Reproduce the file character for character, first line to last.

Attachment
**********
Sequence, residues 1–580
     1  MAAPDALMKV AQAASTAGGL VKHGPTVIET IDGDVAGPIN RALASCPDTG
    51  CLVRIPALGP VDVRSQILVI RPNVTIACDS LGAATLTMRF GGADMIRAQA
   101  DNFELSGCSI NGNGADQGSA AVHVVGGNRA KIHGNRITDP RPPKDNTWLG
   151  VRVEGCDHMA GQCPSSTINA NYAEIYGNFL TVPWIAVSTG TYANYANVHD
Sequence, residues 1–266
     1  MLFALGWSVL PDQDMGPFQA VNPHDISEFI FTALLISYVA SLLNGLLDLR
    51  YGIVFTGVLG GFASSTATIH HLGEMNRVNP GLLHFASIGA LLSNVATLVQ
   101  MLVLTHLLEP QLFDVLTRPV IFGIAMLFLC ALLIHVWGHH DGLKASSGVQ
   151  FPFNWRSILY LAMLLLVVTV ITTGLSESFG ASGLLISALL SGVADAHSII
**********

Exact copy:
Sequence, residues 1–580
     1  MAAPDALMKV AQAASTAGGL VKHGPTVIET IDGDVAGPIN RALASCPDTG
    51  CLVRIPALGP VDVRSQILVI RPNVTIACDS LGAATLTMRF GGADMIRAQA
   101  DNFELSGCSI NGNGADQGSA AVHVVGGNRA KIHGNRITDP RPPKDNTWLG
   151  VRVEGCDHMA GQCPSSTINA NYAEIYGNFL TVPWIAVSTG TYANYANVHD
Sequence, residues 1–266
     1  MLFALGWSVL PDQDMGPFQA VNPHDISEFI FTALLISYVA SLLNGLLDLR
    51  YGIVFTGVLG GFASSTATIH HLGEMNRVNP GLLHFASIGA LLSNVATLVQ
   101  MLVLTHLLEP QLFDVLTRPV IFGIAMLFLC ALLIHVWGHH DGLKASSGVQ
   151  FPFNWRSILY LAMLLLVVTV ITTGLSESFG ASGLLISALL SGVADAHSII